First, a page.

Case Study: Accessibility Work On Cloudflare Dashboard Data & Analytics
The Cloudflare dashboard is replete with analytics and data visualizations designed to offer deep insight into users’ websites’ performance, traffic, security, and more. Making those data visualizations accessible proved to be among the most complex and interdisciplinary issues we faced in the remediation work.
An example of a problem we needed to solve related to WCAG success criterion 1.4.1, which pertains to the use of color. 1.4.1 specifies that color cannot be the only means by which to convey information, such as the differentiation between two items compared in a chart or graph.
Our charts were clearly nonconforming with this standard, using color alone to represent different data being compared. For example, a typical graph might have used the color blue to show the number of requests to a website that were 200 OK, and the color orange to show 403 Forbidden, but failed to offer users another way to discern between the two status codes.
Our UI team went to work on the problem, and chose to focus our effort first on the Cloudflare dashboard time series graphs.
Interestingly, we found that design patterns recommended even by accessibility experts created wholly unusable visualizations when placed into the context of real world data. Examples of such recommended patterns include using different line weights, patterns (dashed, dotted or other line styles), and terminal glyphs (symbols set at the beginning and end of the lines) to differentiate items being compared.
We tried, and failed, to apply a number of these patterns; you can see the evolution of this work on our time series graph component in the three different images below.
After arriving at our design solution, we had some engineering work to do.
In order to meet WCAG success criterion 2.1.1, we rewrote our time series graphs to be fully keyboard accessible by adding focus handling to every data point, and enabling the traversal of data using arrow keys.
Navigating time series data points by keyboard on the Cloudflare dashboard.
We did some fine-tuning, specifically to support screen readers: we eliminated auditory “chartjunk” (unnecessary clutter or information in a chart or graph) and cleaned up decontextualized data (a scenario in which numbers are exposed to and read by a screen reader, but contextualizing information, like x- and y-axis labels, is not).
And lastly, to meet WCAG 1.1.1, we engineered new UI component wrappers to make chart and graph data downloadable in CSV format. We deployed this part of the solution across all charts and graphs, not just the time series charts like those shown above. No matter how you browse and interact with the web, we hope you’ll notice this functionality around the Cloudflare dashboard and find value in it.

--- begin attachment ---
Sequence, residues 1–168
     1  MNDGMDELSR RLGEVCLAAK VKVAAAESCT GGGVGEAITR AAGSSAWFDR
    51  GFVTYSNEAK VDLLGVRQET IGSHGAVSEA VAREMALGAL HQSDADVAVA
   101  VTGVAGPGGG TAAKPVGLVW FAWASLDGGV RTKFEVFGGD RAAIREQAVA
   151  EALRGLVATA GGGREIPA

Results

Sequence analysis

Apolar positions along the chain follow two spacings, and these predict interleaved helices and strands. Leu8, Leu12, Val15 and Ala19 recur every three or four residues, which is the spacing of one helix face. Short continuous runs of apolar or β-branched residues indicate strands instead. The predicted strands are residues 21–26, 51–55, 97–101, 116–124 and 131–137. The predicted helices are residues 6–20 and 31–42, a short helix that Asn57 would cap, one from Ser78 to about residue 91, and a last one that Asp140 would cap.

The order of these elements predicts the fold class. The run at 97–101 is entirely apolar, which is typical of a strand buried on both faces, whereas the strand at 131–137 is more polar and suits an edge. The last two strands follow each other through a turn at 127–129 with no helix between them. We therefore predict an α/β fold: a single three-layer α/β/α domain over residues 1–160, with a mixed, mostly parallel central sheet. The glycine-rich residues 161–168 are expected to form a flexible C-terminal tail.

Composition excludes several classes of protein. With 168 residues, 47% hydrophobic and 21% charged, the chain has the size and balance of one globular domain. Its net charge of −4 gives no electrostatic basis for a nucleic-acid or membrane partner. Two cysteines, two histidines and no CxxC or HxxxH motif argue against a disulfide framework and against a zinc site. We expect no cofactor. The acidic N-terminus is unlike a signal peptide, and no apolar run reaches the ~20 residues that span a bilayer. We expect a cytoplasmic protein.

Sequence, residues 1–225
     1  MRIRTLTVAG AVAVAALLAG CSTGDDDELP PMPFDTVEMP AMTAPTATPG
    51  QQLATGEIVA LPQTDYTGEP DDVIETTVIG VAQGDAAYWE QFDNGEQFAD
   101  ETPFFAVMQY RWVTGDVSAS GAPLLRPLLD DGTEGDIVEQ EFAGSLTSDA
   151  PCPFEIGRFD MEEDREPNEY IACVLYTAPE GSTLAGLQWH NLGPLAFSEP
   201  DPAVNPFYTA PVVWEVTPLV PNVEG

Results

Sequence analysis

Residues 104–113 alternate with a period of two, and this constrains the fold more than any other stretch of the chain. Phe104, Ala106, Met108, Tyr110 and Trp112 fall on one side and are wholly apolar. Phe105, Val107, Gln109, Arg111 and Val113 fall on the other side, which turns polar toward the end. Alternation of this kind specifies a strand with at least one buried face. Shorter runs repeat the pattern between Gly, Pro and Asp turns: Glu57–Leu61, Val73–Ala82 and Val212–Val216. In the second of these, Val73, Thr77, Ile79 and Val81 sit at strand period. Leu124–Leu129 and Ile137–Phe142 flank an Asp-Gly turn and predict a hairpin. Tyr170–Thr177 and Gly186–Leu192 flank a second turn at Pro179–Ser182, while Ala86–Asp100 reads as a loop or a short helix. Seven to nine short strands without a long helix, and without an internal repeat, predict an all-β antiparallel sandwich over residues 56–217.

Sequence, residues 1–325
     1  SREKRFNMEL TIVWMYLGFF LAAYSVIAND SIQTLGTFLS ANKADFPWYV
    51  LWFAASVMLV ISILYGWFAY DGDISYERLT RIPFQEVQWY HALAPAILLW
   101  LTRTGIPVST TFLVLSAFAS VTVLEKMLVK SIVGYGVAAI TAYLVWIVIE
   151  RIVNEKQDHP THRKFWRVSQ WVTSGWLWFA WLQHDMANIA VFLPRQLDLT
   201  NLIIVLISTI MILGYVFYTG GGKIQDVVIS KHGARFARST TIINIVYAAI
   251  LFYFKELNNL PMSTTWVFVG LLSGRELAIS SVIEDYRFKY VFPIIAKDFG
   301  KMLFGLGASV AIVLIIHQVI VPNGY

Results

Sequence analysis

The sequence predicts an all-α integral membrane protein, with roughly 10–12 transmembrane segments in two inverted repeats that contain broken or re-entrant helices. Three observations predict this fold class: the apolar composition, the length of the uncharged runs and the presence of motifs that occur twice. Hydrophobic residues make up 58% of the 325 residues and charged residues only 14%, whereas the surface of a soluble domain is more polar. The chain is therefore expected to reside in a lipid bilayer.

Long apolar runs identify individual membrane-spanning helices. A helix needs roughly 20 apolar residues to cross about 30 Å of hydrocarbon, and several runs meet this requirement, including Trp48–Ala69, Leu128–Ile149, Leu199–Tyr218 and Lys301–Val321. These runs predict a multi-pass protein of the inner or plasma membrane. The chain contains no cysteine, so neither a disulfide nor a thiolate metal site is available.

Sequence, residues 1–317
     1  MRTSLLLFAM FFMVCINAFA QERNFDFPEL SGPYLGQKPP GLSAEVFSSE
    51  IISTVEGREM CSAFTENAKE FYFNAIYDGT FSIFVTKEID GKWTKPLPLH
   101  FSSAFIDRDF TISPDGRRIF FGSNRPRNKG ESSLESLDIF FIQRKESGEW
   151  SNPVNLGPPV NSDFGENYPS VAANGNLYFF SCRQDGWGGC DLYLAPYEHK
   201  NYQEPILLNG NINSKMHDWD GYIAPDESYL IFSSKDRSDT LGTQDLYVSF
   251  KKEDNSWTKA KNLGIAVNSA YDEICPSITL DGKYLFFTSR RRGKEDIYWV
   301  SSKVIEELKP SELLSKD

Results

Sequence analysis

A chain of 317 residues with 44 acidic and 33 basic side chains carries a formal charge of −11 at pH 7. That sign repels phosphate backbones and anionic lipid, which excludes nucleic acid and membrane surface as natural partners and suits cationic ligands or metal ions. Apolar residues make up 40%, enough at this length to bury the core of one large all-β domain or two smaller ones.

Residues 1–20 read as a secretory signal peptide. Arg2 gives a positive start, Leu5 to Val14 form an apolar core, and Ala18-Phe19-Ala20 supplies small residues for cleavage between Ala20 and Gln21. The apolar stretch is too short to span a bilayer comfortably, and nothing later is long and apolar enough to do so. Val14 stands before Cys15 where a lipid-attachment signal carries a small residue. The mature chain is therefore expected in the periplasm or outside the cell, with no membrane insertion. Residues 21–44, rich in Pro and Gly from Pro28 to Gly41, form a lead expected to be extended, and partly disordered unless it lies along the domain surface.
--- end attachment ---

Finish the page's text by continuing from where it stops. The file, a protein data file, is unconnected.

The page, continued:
Making all of this data available to low vision, keyboard, and assistive technology users was an interesting challenge for us, and a true team effort. It necessitated a separate data visualization report conducted by another, more specialized team of third party experts, deep collaboration between engineering and design, and many weeks of development.
Applying this thorough treatment to all data visualizations on the Cloudflare dashboard is our goal, but still work in progress. Please stay tuned for more accessible updates to our chart and graph components.
There’s a lot of nuance to accessibility work, and we were novices at the beginning: researching and learning as we were doing. We also broke a lot of things in the process, which (as any engineering team knows!) can be stressful.
Overall, our team’s biggest challenge was figuring out how to complete a high volume of cross-functional work in the shortest time possible, while also setting a foundation for these improvements to persist over time.
As a frontend engineering and design team, we are very grateful for having had the opportunity to focus on this problem space and to learn from truly world-class accessibility experts along the way.
Accessibility matters to us, and we know it does to you. We’re proud of our progress, and there’s always more to do to make Cloudflare more usable for all of our customers. This is a critical piece of our foundation at Cloudflare, where we are building the most secure, performant and reliable solutions for the Internet. Stay tuned for what’s next!
Not using Cloudflare yet? Get started today and join us on our mission to build a better Internet.
1All references to “dashboard” in this post are specific to the primary user authenticated Cloudflare web platform. This does not include Cloudflare’s product-specific dashboards, marketing, support, educational materials, or third party integrations.